Following Inspiration

A Conversation with Matt Brouwer

For this column, I wanted to share wisdom and insight from one of my favorite singer/songwriter/worship leaders, Matt Brouwer. A native of Nova Scotia, now residing with his family in Houston, Matt is an award-winning artist whose lyrics are equal parts real-life and poetry, and whose performances are warm conversations.

As a worship leader, what is the best way to introduce an original song to your congregation? How do you know when a song is “ready”?

Finding a moment in the worship service where an original song can really serve the people and make the most impact is important. A new song should be introduced on a week or even a month where there are not a lot of other unfamiliar songs being sung so that it can find its way to the hearts of the people and begin to be their song, too.

Knowing if the song is ready, I believe, starts with listening to the Holy Spirit and praying through those decisions with the least amount of ego possible. Building trust with your band/musicians and surrounding yourself with a strong leadership team of pastors and other leaders in the church is also key. When a song is introduced in rehearsal or planning meetings and there is excitement for it, I think you know it’s valuable and ready to share with the greater church gatherings. Most worship songs that really connect and are powerfully true and resonant, are not simply the brainchild of a lone worship leader but rather are borne of a community with a need to sing something new and/or address a moment in a unique way. Not all of those songs make an impact beyond the specific community for which they were inspired, and they shouldn’t be written with the intention that they have to.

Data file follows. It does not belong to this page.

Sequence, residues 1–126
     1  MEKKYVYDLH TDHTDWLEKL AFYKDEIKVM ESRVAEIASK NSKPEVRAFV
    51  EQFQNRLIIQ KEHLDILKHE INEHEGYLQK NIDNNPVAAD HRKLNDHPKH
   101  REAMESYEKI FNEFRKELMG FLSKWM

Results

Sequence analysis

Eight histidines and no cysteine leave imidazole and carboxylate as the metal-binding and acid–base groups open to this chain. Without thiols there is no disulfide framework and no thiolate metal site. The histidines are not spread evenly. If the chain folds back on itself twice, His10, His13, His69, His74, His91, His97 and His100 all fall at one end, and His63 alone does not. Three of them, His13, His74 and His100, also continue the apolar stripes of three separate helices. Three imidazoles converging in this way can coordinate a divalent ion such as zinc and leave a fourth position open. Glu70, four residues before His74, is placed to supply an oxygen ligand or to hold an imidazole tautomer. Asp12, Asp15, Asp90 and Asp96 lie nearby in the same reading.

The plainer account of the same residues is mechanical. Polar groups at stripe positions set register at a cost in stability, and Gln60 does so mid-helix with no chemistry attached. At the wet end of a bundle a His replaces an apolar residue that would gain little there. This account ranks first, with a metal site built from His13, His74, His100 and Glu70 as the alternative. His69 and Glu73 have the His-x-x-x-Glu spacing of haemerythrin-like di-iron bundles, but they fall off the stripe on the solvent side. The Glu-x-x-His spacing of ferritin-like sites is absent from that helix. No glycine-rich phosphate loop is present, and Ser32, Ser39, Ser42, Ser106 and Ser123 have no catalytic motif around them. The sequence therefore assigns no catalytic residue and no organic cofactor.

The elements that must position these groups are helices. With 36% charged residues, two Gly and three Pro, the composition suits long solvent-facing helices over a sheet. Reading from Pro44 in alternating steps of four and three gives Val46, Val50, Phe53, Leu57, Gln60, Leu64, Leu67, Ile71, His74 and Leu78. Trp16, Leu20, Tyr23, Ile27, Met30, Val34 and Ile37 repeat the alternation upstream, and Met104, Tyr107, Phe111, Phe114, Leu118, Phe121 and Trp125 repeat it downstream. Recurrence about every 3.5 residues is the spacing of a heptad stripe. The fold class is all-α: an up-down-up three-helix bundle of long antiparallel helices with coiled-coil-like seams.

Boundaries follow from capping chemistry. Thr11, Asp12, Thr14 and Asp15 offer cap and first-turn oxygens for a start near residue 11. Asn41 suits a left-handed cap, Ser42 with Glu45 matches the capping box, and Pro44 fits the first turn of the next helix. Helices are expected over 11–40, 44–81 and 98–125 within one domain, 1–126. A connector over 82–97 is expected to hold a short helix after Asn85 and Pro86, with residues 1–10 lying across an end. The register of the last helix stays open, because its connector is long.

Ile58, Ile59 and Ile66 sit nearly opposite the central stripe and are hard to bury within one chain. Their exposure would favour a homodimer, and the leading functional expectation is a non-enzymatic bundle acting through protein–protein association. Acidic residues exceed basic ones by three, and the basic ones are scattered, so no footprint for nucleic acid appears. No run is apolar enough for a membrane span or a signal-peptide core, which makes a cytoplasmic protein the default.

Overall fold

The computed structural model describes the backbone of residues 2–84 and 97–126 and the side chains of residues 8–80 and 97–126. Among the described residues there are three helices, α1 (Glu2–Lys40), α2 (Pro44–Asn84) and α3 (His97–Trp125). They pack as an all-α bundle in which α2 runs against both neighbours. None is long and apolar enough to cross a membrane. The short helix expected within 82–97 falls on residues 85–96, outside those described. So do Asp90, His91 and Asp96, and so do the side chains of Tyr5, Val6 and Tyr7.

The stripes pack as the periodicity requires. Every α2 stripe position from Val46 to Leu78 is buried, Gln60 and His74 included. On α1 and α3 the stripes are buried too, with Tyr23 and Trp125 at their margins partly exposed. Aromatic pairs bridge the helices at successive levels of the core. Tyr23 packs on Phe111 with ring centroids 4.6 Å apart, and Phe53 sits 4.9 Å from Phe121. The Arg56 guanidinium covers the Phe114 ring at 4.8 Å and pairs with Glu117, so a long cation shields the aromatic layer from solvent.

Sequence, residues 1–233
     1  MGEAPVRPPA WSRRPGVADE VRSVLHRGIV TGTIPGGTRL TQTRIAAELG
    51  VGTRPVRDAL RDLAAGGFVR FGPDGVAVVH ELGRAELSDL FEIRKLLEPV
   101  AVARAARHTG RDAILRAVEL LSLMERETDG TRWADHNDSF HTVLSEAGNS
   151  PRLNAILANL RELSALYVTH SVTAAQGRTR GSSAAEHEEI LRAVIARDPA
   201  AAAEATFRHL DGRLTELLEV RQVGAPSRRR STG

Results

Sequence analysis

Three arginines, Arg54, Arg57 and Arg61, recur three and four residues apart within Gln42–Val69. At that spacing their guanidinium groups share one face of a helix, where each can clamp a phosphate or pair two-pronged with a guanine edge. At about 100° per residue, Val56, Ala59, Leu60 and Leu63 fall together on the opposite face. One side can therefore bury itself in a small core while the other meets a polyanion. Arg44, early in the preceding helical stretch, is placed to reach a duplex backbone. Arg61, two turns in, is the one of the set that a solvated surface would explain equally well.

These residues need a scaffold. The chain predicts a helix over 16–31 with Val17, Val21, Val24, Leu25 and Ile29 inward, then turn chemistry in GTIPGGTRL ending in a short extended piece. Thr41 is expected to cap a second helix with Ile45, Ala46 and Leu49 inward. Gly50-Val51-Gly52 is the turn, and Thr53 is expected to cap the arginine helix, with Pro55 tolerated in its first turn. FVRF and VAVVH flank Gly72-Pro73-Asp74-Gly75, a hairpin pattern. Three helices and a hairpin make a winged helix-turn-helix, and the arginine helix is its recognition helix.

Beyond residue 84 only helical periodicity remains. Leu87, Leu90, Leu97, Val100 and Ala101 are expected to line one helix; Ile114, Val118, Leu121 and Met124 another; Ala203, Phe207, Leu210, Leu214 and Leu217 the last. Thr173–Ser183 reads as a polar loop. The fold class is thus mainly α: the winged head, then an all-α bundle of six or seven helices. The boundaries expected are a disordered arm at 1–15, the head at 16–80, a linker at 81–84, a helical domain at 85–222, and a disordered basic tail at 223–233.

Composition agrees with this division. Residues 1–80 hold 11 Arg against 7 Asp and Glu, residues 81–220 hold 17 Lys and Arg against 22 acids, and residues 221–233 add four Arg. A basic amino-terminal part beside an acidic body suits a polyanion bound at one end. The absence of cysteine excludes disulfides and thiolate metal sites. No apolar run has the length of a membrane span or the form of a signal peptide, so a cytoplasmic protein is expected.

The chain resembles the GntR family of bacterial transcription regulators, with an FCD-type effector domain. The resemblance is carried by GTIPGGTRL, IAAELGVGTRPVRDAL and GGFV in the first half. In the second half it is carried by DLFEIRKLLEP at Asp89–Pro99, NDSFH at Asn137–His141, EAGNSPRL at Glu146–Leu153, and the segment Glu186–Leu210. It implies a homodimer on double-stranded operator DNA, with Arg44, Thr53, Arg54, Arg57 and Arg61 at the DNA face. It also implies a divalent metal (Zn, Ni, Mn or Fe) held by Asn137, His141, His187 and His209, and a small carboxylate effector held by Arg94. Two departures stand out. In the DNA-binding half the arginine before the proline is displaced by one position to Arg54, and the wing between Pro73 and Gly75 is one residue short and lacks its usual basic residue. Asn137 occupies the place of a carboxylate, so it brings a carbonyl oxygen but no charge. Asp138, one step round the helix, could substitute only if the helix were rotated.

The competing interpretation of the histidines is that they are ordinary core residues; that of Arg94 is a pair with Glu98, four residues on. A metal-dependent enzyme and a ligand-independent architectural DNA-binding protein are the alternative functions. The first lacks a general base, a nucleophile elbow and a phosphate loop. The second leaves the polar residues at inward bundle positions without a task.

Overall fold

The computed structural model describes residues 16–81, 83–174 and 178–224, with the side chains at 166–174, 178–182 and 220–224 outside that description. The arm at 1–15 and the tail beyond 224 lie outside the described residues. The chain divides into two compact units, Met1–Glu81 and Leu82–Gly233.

You are considered a consummate songwriter. What advice would you share with aspiring writers on how to hone their craft?

I think for me, writing is more about perspiration than inspiration. It always starts with inspiration which leads me to jot something down or sing a couple lines into my phone. But I’d never finish a song or be happy with it without the hard work and humbling task of editing and re-working things until that breakthrough moment happens and I believe I have something special. I’ve finished songs in a relatively short amount of time and thought they were pretty solid, only to revisit them and realize that there was something missing. If I’m too protective of that first inspiration and too afraid to make bold changes, the song will probably never be heard. But if I can have the courage to build on that idea and be willing to throw it away and start over, an even better song can come to fruition. Sometimes in that space, inspiration can do a kind of crazy thing and sneak up on you from a different angle, and all of a sudden, the song is telling you what it wants and you end up somewhere you never would have predicted.

When do you know it is time to pursue recording your songs?

Even though technology has dramatically reduced the cost, it’s still a major investment to record professionally. The result represents and defines you as an artist, so you want to make sure you are ready. I think the right time to make an album or record an ep is when you have an audience who expresses interest in purchasing your music. If you’re playing concerts or booking shows, then you probably need to have music available.

When I was in college I started a band and we led a Monday night worship gathering on campus. It started off simply but we were passionate and experiencing something special. Soon word spread around campus and there were hundreds of students coming every week. The idea to make an album began because so many people asked for one. We pre-sold 500-1000 cds before we even started recording which told us there was a hunger for it.